Sculptures along Boston’s Commonwealth Avenue Mall

Boston has many wonderful areas to enjoy a nice walk. One of these areas is the Commonwealth Avenue Mall. Located in the Back Bay neighborhood of Boston, Commonwealth Avenue is divided by a park running down the middle of the street. This park connects the Public Garden to the Fens as part of the Emerald Necklace. It’s a beautiful spot to enjoy in all four seasons.

Along the Commonwealth Avenue Mall are many different sculptures. As someone who walks along the mall frequently, I have always been curious about these sculptures. This post will guide you thru these sculptures, starting as you cross Arlington Street onto the mall from the Boston Public Garden.

Alexander Hamilton

The first sculpture you will come across is of Alexander Hamilton. This sculpture has been here since the mall opened in 1865. Alexander Hamilton is a big part of the history of the United States. Not only was he the first Secretary of the Treasury, but he also signed the Declaration of Independence and fought in the Revolutionary War. Due to his part in history, he is also on the US ten dollar bill.

John Glover

Designed by Martin Milmore in 1875, is the second sculpture which is for John Glover. Also famous for his part in the Revolutionary War, where his regiment from Marblehead, MA saved George Washington at the Battle of Long Island and then on Christmas night in 1776, Washington asked Glover to help row him across the icy Delaware River for an attack in Trenton, NJ. This Massachusetts soldier became quite the asset during the war and gained George Washington’s respect.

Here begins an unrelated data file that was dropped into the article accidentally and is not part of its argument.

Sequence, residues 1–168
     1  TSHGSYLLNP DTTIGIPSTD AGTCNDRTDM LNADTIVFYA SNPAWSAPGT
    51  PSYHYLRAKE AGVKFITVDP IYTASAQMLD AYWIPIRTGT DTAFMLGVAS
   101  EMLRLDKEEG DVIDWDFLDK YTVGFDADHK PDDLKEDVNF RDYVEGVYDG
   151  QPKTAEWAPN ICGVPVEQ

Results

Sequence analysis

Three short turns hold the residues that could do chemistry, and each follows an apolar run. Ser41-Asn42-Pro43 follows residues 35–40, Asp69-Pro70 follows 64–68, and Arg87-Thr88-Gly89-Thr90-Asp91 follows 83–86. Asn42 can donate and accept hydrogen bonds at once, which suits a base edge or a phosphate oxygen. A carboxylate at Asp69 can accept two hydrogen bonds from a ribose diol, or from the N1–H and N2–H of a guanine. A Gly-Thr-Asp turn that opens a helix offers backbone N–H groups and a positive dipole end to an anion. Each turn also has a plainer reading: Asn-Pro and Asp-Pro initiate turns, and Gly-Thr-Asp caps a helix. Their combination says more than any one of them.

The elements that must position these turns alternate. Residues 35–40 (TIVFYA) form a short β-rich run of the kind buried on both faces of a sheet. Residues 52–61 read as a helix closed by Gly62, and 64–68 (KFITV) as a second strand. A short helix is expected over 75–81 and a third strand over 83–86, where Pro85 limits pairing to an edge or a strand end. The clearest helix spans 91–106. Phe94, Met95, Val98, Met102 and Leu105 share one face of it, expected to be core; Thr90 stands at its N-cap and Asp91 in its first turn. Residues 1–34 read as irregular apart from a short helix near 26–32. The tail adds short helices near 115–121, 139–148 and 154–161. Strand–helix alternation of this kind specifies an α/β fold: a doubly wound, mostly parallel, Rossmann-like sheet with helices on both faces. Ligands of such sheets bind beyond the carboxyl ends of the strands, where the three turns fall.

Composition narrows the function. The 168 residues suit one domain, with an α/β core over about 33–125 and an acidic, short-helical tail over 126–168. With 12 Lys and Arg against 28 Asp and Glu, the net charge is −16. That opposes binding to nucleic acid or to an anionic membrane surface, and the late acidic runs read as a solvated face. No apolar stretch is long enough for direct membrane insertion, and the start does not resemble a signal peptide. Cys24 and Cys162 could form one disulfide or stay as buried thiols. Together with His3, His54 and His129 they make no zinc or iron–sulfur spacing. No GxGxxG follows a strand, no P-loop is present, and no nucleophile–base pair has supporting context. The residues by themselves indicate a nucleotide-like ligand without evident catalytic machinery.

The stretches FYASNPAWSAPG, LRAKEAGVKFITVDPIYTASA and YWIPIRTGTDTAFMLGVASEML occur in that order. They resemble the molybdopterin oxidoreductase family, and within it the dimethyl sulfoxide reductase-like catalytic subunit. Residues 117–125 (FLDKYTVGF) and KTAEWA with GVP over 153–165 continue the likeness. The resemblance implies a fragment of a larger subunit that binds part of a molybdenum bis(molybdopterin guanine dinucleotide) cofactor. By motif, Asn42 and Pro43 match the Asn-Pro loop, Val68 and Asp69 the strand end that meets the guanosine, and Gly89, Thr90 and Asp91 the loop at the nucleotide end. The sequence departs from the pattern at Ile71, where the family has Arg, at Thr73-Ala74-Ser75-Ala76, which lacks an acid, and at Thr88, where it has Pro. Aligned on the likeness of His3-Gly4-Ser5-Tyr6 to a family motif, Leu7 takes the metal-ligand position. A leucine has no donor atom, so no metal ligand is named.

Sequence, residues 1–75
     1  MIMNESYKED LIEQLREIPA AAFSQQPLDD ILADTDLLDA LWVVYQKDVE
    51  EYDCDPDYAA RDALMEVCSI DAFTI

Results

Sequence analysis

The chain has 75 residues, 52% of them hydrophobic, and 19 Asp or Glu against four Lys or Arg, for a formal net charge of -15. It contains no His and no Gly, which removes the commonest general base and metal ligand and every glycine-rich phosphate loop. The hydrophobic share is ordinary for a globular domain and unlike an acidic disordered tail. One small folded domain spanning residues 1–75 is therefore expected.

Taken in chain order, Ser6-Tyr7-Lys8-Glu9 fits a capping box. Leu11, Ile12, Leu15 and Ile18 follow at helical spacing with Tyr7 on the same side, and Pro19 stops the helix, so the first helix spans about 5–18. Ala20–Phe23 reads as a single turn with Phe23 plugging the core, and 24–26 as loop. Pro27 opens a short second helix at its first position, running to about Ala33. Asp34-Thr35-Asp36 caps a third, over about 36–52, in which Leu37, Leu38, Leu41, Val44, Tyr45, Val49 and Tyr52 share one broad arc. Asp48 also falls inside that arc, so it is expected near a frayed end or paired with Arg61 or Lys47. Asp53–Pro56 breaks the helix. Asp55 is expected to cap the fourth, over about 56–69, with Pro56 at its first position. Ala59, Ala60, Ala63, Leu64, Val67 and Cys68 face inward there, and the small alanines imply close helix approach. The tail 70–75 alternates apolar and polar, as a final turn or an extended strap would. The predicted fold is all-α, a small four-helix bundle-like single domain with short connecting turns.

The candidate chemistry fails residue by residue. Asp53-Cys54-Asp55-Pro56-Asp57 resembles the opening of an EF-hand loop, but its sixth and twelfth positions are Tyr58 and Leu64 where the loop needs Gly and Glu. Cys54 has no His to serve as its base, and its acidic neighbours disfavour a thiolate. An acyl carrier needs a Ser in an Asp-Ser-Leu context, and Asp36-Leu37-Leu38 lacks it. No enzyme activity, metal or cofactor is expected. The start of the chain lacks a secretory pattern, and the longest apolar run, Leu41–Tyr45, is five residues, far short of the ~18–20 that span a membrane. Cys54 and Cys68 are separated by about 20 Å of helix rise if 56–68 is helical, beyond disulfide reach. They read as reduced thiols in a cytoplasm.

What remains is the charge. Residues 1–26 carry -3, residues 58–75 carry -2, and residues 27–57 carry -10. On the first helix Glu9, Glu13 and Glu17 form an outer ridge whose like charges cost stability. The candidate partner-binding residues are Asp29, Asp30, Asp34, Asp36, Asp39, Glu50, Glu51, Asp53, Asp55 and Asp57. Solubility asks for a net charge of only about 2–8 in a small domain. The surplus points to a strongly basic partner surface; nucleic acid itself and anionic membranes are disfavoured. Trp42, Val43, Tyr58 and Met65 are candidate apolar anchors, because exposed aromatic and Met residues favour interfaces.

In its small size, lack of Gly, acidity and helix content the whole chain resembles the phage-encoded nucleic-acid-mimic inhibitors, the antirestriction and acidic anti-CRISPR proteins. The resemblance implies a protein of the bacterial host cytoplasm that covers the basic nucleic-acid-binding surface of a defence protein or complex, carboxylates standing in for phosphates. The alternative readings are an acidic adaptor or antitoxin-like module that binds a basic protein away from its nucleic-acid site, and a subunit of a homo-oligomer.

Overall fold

Patrick Andrew Collins

Patrick Andrew Collins was Mayor of Boston from 1902 until his sudden death in 1905. He was the second Irish-born mayor of the city. This memorial used to be located elsewhere in the city but was moved to the Commonwealth Avenue mall in 1966 due to construction at its former site. There are two figures on each side of the memorial. One wears a crown of laurel leaves and holds a shield, representing Liberty. The other one wears a crown of shamrocks and holds a harp, representing Patrick Andrew Collins birthplace of Ireland.

Vendome Firefighters Memorial

The next memorial is in memory of the lives lost in one of the biggest tragedies to happen in Boston, the Hotel Vendome Fire.

The Hotel Vendome was located at the intersection of Commonwealth Avenue and Dartmouth Street. On June 17, 1972, a fire broke out at the hotel causing part of the building to collapse, trapping and killing 9 firefighters. It was the worst firefighting tragedy in Boston history. The memorial was dedicated in 1997 on the 25th anniversary of the fire. The memorial features a bronze hat and jacket and a timeline of that tragic day.

William Lloyd Garrison

Massachusetts native, William Lloyd Garrison was an advocate for equality in the 1800s. He fought for the emancipation of slaves and women’s suffrage. His biggest accomplishment was as editor of the abolitionist newspaper, The Liberator, which was published from 1831-1865. The statue features Garrison on his leather office chair.

The view from the back side of the statue in the fall is just stunning and always a spot that I have to turn back and catch a quick look or a photo.

Samuel Eliot Morison

Born and raised in the Beacon Hill neighborhood of Boston, Samuel Eliot Morison is related to the famous poet T.S. Eliot. He was a Harvard graduate and professor who was known as a very well-respected historian.

He has written over 50 books about history with an emphasis on American Maritime History, including two Pulitzer Prize winning books: Admiral of the Ocean Sea, a biography of Christopher Columbus and John Paul Jones: A Sailor’s Biography.

On one of the rocks next to the statue, is Morison’s advice to young writers, “Dream dreams, then write them aye, but live them first” I really enjoyed this quote, very inspirational.

Boston Women’s Memorial

The Boston Women’s Memorial is my favorite of the sculptures along Commonwealth Avenue mall. The memorial honors three women who were very important to the history of Boston. The idea of this memorial started in 1992 and the memorial was finally finished in 2003.